Github’s ViewComponent and Stimulus is one of those matches made in heaven. Like chocolate and peanut butter, caramel and sea salt, or Abbott and Costello, they seem to just fit together perfectly. In this series of posts I will detail what I have found to be an ideal setup for developing Rails applications using these two complimentary libraries.

This first post focuses exclusively on ViewComponent. We will add Stimulus in the next post in this series and demonstrate how well these two libraries pair together.

Getting Started with ViewComponent

ViewComponent is a Rails library by Github that somewhat mirrors the idea of React Components in the Rails environment. In the Readme’s own words, it is an evolution of the presenter/decorator/view model pattern.

Unlike traditional Rails decorators, ViewComponents come with their own Ruby Component class that is used to define the variables and methods that the view needs in order to render. This makes testing views dead simple, and strongly encourages reusable code.

For the rest of this series of posts I will be using an existing application to demonstrate how to use ViewComponent and Stimulus effectively. In this case, I will be using Mike Hartl’s excellent sample application from his Rails Tutorial, if you are new to Rails, I strongly suggest you check it out. First step let’s fork and clone the sample application so we have something interesting to start with.

Installing ViewComponent

Add ViewComponent by adding it to the Gemfile.

gem "view_component", "~> 2.2"

As a second step, we need to require it in config/application.rb

require_relative 'boot'

require 'rails/all'

# Require the gems listed in Gemfile, including any gems
# you've limited to :test, :development, or :production.

require "view_component/engine"

Refactoring Partials into ViewComponents

The easiest way to figure out what pieces can be refactored into components is to look for partials. Almost any partial could, and should probably be refactored into a ViewComponent. For more information on why you would favor a ViewComponent over a partial, check out ViewComponent’s readme on the render speed and testability of ViewComponents.

The first two partials we will refactor are the header and footer. Start with the header by creating the necessary component files. I am not using the generator in this case because I am breaking from ViewComponent convention here a bit. It’ll become apparent why later in this series. We create 3 files:


class Shared::Header::Component < ViewComponent::Base


require "test_helper"

class Shared::Header::ComponentTest < ViewComponent::TestCase

And finally a new template file: app/components/shared/header/component.html.erb

Now lets move the contents of app/views/layouts/_header.html.erb to app/components/shared/header/component_component.html.erb. ViewComponents require local variables to explicitly added. To do this we can take a look at the template and determine precisely what this component needs:

<header class="navbar navbar-fixed-top navbar-inverse">
  <div class="container">
    <%= link_to "sample app", root_path, id: "logo" %>
      <div class="navbar-header">
        <button type="button" class="navbar-toggle collapsed"
          <span class="sr-only">Toggle navigation</span>
          <span class="icon-bar"></span>
          <span class="icon-bar"></span>
          <span class="icon-bar"></span>
      <ul class="nav navbar-nav navbar-right collapse navbar-collapse"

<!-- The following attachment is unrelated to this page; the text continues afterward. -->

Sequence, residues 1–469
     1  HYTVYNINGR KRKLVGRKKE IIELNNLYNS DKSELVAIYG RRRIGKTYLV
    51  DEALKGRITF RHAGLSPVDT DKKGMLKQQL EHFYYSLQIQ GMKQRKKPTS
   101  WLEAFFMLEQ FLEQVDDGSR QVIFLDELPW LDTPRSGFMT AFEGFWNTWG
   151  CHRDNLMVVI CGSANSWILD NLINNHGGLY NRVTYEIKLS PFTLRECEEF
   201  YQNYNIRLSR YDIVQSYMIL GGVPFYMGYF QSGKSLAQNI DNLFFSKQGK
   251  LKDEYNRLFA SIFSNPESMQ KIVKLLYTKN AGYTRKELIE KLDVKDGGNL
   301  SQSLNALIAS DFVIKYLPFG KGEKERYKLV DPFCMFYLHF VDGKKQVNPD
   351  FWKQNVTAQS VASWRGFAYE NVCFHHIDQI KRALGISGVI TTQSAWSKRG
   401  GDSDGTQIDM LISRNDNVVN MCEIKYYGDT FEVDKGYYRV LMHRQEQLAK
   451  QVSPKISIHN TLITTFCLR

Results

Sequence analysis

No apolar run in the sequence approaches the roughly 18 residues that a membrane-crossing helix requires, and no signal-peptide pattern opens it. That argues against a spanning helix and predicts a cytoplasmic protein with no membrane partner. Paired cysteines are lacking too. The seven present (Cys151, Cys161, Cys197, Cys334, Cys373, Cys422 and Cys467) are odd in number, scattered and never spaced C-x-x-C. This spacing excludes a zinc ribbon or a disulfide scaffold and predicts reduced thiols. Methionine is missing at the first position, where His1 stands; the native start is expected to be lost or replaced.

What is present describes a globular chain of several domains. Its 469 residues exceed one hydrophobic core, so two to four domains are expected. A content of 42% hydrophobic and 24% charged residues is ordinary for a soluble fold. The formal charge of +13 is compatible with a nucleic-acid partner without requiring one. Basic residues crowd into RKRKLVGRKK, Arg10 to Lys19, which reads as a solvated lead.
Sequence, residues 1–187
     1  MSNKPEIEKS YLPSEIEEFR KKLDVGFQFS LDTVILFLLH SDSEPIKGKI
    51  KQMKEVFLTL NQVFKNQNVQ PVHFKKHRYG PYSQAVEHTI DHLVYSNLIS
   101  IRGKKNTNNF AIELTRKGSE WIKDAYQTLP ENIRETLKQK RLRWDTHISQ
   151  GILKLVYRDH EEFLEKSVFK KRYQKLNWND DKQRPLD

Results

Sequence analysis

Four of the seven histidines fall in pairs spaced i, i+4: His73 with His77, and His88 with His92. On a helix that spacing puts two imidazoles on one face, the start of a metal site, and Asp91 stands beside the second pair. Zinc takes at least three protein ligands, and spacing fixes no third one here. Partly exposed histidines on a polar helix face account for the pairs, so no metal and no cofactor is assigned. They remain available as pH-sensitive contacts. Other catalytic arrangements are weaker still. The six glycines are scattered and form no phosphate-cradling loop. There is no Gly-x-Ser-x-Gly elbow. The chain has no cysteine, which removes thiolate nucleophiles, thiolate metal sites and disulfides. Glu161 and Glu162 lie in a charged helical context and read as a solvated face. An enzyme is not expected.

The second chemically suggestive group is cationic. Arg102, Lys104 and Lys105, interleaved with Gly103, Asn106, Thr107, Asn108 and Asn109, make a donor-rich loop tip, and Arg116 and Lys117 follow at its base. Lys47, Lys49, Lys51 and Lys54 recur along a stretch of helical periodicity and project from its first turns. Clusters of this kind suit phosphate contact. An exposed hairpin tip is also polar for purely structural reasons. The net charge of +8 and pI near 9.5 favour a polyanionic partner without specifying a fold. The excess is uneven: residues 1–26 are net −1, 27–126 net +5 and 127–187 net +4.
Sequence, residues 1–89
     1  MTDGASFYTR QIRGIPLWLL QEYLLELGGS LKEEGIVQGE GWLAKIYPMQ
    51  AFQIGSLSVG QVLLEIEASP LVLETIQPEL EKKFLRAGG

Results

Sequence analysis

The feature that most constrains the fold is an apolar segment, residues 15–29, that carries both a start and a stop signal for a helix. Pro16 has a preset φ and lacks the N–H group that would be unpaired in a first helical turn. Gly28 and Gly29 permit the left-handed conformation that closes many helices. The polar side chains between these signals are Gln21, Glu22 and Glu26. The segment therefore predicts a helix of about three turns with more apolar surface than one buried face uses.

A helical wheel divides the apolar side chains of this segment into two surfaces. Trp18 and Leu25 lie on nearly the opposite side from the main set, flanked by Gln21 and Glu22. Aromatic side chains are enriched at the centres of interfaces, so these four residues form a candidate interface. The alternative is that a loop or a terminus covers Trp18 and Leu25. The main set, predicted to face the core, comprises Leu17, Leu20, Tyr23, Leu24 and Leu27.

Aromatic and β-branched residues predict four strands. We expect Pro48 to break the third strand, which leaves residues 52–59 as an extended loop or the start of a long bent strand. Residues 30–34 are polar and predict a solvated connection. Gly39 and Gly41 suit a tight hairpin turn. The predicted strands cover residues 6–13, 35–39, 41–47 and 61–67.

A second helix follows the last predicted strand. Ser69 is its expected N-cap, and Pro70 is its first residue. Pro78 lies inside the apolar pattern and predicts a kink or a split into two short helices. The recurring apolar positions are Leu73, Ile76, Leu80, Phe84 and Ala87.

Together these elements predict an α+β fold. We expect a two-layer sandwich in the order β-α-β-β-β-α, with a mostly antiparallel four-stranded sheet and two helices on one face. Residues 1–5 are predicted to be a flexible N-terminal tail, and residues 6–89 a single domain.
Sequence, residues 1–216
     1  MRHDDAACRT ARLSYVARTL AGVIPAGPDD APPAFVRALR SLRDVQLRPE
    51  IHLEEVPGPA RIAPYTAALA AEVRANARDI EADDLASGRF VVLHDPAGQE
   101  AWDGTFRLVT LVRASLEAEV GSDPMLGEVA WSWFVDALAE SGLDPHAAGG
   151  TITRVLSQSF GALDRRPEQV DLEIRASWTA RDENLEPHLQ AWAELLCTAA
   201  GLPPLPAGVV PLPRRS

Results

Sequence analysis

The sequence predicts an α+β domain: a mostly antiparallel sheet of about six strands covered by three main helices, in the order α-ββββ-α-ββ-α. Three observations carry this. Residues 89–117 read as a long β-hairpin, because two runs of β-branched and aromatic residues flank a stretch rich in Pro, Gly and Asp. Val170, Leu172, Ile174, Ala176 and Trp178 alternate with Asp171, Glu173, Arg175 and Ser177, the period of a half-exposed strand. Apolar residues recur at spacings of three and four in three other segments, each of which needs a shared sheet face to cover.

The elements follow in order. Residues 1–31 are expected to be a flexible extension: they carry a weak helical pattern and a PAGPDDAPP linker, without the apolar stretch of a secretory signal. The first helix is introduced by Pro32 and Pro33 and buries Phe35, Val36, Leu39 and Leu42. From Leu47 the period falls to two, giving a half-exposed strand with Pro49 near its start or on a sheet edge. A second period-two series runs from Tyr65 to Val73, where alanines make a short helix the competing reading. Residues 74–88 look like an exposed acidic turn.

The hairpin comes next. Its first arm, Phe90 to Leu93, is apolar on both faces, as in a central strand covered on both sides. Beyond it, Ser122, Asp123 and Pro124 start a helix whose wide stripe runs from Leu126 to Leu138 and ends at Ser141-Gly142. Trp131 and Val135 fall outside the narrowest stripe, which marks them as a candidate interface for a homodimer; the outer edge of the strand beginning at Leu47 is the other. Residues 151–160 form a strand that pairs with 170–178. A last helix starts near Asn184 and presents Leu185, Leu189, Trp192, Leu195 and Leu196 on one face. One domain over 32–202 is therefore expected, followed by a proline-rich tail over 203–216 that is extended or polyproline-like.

<li><%= link_to "Home", root_path %></li>
        <li><%= link_to "Help", help_path %></li>
        <% if logged_in? %>
          <li><%= link_to "Users", users_path %></li>
          <li class="dropdown">
            <a href="#" class="dropdown-toggle" data-toggle="dropdown">
              Account <b class="caret"></b>
            <ul class="dropdown-menu">
              <li><%= link_to "Profile", current_user %></li>
              <li><%= link_to "Settings", edit_user_path(current_user) %></li>
              <li class="divider"></li>
                <%= link_to "Log out", logout_path, method: :delete %>
        <% else %>
          <li><%= link_to "Log in", login_path %></li>
        <% end %>

As you can see, it mostly needs current_user and to be able to determine if the user is logged in.

Let’s add that to the component and update it to look like this:

class Shared::Header::Component < ViewComponent::Base
  def initialize(current_user:, logged_in:)
    @current_user = current_user
    @logged_in = logged_in


  attr_reader :current_user

  def logged_in?

The template will have access now to the current_user and logged_in getters. With that in place, we can no alter the render statement in the layout to render this component instead of the partial. Change line 16 from:

    <%= render 'layouts/header' %>


    <%= render current_user, logged_in: logged_in?) %>

Now unless you have missed something, everything should render correctly and there should be no discernable change to the application.

Finally, lets focus on a place where ViewComponent REALLY shines. Testing. We can test components individually with very little effort. Let’s add some test to cover the logged in verses the not logged in logic.

require "test_helper"

class Shared::Header::ComponentTest < ViewComponent::TestCase
  test "render component when logged in" do
    render_inline( users(:michael), logged_in: true))

    assert_link("Log out")
    refute_link("Log in")

  test "render component when logged out" do
    render_inline(render_inline( users(:michael), logged_in: false)))

    assert_link("Log in")
    refute_link("Log out")

As you can see, testing the component is incredibly simple, and it is FAST.

And you’re done! Now take what you learned and apply it to the _footer.html.erb partial. Next up, we will integrate Stimulus!

All of the example code for this post can be found at

Part 2: Stimulus